I was awakened around 1am by some twigs snapping outside my tent…as I got my headlight on I was satisfied to know it was only a family of deer mowing its way through my camp.

All in all, not the best sleep tonight and will be one of my last camps so close to a road.

 

 

 

 

 

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Day 14: Bucks Lake to Belden Town

Day 14: Bucks Lake to Belden Town

August 3, 2015

24 Miles

(1260.25 – 1284.3)

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I woke up this morning well rested. I crawled out of my tent and took a walk over to the base of the tree were last night’s dinner sat….Unfortunately, there were no takers…Therefore, waste not want not…I forced the cold slop down as a better alternative than carrying it any further than necessary…Not, what I would consider to be a great start of another beautiful day.

The sun was out, still a little hazy with some distant forest fires burning, I crossed the Big Creek Road around 5:30am just as a log truck is making its way up to grab their morning load…(Oh yeah, people are working, it’s not a holiday).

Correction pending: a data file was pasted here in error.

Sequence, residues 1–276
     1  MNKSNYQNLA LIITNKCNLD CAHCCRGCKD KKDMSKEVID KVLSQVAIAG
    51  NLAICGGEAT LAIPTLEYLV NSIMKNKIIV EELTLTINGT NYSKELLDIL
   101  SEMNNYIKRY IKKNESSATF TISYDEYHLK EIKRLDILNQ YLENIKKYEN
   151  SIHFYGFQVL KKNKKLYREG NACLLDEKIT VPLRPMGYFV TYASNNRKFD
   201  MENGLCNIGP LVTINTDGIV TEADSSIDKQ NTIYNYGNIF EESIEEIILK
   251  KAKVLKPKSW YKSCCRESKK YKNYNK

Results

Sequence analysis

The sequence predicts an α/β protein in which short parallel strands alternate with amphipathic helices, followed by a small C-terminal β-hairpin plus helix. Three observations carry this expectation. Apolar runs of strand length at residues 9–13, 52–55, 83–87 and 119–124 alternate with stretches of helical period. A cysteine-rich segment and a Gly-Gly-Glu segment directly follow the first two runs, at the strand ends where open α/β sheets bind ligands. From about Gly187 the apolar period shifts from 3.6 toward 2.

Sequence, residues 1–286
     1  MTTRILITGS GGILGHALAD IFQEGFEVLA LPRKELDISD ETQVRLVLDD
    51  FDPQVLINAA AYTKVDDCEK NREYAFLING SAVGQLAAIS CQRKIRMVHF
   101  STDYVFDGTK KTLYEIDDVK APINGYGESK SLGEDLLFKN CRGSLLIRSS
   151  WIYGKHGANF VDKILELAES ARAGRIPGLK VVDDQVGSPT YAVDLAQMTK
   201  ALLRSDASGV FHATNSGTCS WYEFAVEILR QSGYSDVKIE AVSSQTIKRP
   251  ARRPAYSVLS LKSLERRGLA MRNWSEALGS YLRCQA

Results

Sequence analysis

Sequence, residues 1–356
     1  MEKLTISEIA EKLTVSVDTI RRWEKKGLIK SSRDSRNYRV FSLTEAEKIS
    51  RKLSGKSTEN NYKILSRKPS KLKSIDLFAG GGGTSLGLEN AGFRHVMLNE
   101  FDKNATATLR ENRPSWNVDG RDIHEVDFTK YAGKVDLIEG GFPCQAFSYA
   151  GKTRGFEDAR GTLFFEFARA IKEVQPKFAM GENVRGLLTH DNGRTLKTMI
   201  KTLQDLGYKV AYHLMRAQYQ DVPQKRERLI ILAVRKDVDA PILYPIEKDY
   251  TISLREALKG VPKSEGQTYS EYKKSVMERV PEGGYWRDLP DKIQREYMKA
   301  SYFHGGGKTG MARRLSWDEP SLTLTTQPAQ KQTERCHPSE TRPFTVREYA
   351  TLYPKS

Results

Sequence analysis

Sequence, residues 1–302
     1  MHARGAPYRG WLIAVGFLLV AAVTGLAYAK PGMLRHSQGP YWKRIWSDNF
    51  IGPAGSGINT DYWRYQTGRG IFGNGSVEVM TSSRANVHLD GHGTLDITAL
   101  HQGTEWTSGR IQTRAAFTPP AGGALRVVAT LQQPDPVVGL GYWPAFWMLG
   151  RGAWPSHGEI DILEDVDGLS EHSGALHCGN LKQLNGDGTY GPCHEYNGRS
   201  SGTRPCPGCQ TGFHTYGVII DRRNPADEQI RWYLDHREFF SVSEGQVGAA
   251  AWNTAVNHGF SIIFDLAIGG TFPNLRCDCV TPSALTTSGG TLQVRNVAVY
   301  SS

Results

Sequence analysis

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Even with only a few days away from civilization, having a large semi pass you on a paved road at 5:30am in the morning made me flinch in fear that I couldn’t move fast enough across the road and shudder from the loud noise that my ears have grown unaccustomed to. Yet, the irony of it all, there is a sense of comfort in knowing you are amongst other humans.

I was at the crossing with Buck’s Lake Road before 8. The granola I have been rehydrating during the past 5 miles was ready to roll. I sat in the shade under a road sign, ate and reworked a  foot blister tape job. Not sure it was so smart starting off with a new pair of shoes. My feet are really taking a beating!

Across the road a group of trail maintenance volunteers were gathering and gearing up to do some wonderful volunteer hours. I made sure to shout out a big ‘Thank You’ before heading up trail… Into Buck’s Lake Wilderness.